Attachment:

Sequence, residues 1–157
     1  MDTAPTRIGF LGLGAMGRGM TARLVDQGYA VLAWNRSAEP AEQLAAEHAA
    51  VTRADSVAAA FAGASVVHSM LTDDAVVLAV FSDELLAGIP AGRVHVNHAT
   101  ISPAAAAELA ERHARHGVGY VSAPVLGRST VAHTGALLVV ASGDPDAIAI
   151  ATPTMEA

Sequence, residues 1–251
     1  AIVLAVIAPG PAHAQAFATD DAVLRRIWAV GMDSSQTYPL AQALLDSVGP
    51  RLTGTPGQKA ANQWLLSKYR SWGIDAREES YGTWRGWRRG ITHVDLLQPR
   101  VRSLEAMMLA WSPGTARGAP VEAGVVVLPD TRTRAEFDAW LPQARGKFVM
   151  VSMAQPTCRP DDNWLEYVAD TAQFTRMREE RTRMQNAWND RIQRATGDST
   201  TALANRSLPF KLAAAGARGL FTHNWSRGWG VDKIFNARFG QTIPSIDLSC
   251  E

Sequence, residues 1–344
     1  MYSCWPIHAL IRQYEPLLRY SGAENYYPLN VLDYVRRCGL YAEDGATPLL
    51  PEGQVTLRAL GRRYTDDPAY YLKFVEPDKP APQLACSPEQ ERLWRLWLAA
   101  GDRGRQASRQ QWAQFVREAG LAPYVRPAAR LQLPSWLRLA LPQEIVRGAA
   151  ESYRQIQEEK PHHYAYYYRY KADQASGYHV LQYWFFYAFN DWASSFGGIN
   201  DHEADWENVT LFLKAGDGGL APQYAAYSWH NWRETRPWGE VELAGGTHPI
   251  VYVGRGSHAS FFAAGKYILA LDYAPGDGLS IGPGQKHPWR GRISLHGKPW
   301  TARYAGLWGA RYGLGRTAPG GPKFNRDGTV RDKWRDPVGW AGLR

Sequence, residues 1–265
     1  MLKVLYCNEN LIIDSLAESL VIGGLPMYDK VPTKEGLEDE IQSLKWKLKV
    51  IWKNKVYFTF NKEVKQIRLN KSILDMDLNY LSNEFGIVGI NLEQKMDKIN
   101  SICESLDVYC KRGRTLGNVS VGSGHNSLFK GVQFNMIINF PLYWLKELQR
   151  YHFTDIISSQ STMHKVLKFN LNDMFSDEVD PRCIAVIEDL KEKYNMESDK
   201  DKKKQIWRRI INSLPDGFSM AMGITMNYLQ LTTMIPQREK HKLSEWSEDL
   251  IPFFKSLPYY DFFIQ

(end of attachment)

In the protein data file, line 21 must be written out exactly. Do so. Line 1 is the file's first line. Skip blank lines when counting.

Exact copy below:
Sequence, residues 1–265